Tuesday, August 23, 2016
What Is It Like to Be a Professor?
The first thing that future professors should understand is that you are doing this for the "meaningfulness" of it all. Money is not going to be your primary concern. That meaning is subjective based on how you view your role as a professor. Some want to discover new things while others desire to give back to the community. It is a personal motivation often guided by the social expectations of your college and upbringing.
You will spend a lot....a lot.....a lot of time grading papers and giving feedback. Papers and subject counselings is a primary role and is fundamental to the role. The better you get at grading papers, providing feedback, and helping students improve their skills the more your students grow. It can sometimes be tedious but it is one of the best methods of transferring knowledge.
Part of the job will include creation of content. How does one develop greater knowledge without reviewing and creating content that students use to learn. This could range from putting together a presentation, reviewing materials, writing lectures, or reviewing curriculum. The process of sharing and integrating knowledge into the course is inherent.
There will be some administrative duties that include keeping track of your class, grades, decision-making, keeping paperwork and passing paperwork.. If you don't keep up to date on your administrative duties you will soon find that they will pile up. In some cases these duties become extremely important to your job.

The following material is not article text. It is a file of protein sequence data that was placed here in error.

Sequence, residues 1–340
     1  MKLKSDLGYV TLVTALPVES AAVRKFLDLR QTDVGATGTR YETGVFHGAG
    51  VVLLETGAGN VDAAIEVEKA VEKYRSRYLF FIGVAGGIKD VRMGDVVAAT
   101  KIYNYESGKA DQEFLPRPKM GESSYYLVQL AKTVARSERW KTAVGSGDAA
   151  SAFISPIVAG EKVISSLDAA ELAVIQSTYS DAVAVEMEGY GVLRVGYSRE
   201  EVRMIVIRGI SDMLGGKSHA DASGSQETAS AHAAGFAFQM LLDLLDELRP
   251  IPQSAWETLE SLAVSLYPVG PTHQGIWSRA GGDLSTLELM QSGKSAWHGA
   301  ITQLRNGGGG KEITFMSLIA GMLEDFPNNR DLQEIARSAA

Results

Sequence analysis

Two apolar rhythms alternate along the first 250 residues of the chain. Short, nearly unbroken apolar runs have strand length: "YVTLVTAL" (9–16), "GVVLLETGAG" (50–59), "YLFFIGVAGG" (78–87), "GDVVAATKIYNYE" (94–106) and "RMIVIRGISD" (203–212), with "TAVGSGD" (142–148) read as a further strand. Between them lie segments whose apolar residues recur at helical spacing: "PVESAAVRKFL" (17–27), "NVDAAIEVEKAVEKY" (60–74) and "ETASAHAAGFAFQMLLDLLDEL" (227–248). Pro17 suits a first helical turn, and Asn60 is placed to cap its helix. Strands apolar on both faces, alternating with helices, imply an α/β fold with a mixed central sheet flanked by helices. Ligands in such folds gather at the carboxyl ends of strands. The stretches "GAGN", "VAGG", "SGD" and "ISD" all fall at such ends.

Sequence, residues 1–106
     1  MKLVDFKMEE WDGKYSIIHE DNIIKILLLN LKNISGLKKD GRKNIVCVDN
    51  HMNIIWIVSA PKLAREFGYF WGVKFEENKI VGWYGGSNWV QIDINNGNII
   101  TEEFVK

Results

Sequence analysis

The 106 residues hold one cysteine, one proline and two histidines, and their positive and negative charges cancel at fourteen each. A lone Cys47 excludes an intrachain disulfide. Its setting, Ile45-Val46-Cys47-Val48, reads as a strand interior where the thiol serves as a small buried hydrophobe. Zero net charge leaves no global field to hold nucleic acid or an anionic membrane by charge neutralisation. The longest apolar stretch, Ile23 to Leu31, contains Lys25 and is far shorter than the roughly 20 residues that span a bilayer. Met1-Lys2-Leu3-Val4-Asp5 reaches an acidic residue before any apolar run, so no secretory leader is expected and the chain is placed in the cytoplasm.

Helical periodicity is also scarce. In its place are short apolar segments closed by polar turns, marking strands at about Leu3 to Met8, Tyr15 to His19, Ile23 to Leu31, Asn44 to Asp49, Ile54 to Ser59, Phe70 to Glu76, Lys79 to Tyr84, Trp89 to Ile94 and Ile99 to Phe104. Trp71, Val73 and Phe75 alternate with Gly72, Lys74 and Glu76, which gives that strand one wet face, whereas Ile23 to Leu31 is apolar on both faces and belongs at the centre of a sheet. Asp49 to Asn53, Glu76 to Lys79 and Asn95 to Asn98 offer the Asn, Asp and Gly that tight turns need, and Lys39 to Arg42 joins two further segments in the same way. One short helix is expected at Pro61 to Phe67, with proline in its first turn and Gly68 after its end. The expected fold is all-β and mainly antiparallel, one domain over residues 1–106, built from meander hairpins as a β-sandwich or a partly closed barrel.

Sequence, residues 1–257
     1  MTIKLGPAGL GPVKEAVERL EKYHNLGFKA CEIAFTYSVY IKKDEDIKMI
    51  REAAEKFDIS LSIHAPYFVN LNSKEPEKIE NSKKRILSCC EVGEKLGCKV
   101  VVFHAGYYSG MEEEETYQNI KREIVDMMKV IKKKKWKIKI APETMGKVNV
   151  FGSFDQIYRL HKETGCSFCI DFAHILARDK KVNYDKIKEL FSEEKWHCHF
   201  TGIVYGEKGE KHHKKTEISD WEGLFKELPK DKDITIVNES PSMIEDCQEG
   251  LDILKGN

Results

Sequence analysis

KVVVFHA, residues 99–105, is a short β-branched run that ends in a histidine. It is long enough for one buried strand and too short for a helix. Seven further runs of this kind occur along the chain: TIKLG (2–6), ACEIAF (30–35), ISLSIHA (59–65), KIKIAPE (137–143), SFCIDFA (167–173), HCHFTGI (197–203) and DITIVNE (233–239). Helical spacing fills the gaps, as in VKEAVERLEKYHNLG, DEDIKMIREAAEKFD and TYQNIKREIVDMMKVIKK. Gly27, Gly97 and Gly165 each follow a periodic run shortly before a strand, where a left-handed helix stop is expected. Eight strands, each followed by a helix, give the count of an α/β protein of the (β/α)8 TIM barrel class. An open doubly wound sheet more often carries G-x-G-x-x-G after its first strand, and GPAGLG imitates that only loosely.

Some of your time will be spend in research, writing and reading. This is personal development and intellectual stimulation. While this seems like a professors main job, it is only part of the wider responsibilities of guiding minds to greater thinking. The goal is to contribute to a body of knowledge through discussion and publishing.
You will have greater responsibilities to society, America, and the world to enact change by using your knowledge, writing, and intellectual authority. There will be powers and voices that seek to silence your freedoms in an effort to keep things the same. Being a social advocate for change can range from developing new ideas that propose a better way of doing things to protesting abuses of power, corruption, unfairness and violations of the Constitution.
Being a professor has many rewards and some risks, but it is ultimately a lifestyle choice. You won't get rich, and can make more money in industry, but it takes on personal meaning. You will have to deal with everything from the overly demanding student to budget cuts and administrative changes. Yet...for some...it is a passion as they find meaning in offering back to the people and the world. Helping people come to greater awareness through knowledge and insight is a noble pursuit.